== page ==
A local authority has taken the unusual decision to ditch its additional licensing scheme because it has done such a good job of improving standards.
Bath and North East Somerset Council introduced the scheme five years ago, covering 1,280 properties in Bath, including 823 previously unlicensed HMOs. This ends on 31st December, but the council is now only considering the evidence for any future schemes.
The current scheme resulted in more than 1,000 fire safety, heating, security, space and amenities improvements, including 293 upgrades to fire alarm systems. It also prompted more awareness of safety and amenities requirements for shared housing while the council increased its knowledge about the location and ownership of HMOs in Bath.
Councillor Matt McCabe (pictured), cabinet member for built environment and sustainable development, explains that the additional scheme has done what it set out to do: improve standards and keep tenants safe by ensuring the effective and appropriate management of a property.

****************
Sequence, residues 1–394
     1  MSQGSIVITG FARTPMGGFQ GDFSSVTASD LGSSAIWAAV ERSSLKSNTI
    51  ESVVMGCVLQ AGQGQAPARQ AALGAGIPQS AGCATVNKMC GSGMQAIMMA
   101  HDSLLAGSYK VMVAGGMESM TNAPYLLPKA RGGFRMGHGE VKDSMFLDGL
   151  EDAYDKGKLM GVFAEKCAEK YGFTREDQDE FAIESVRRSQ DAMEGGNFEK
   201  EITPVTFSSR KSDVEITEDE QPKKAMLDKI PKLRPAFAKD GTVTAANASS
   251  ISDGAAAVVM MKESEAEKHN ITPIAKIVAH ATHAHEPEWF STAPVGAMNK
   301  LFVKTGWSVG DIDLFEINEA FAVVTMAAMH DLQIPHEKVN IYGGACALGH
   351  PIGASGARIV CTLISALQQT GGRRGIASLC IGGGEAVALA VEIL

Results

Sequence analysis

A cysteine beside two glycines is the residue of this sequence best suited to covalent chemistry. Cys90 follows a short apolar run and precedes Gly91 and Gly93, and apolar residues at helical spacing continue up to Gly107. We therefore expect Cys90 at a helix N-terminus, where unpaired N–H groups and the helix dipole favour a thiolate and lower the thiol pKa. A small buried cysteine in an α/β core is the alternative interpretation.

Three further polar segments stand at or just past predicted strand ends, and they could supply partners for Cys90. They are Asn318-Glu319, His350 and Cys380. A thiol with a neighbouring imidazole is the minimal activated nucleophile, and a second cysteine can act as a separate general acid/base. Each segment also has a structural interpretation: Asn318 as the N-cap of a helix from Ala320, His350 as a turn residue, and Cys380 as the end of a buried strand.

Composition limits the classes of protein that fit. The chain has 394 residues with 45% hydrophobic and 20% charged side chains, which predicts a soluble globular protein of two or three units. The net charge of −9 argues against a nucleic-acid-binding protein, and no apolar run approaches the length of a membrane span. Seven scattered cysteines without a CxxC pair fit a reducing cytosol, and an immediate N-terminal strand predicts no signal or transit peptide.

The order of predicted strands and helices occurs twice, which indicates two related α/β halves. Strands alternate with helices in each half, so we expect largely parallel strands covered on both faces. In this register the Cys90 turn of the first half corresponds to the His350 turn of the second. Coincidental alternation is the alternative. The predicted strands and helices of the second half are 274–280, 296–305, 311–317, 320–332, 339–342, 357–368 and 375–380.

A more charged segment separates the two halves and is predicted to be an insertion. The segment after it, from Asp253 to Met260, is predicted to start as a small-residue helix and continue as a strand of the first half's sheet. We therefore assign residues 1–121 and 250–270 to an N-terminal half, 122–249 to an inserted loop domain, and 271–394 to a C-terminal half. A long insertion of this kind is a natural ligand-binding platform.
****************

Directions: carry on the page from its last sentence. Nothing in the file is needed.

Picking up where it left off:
He adds: “Importantly it has also helped to reduce the impact of poor HMOs on the community. However, we will continue to review all the evidence available to us over the coming months, to see if we need to begin a new scheme.
“I want to assure everyone that the mandatory HMO licensing, introduced by the Housing Act 2004, continues to operate in Bath and North East Somerset and applies to shared houses or flats occupied by five or more people from different families where tenants share a toilet, bathroom or kitchen facilities.
"It covers around 1,200 properties across [the city and region].”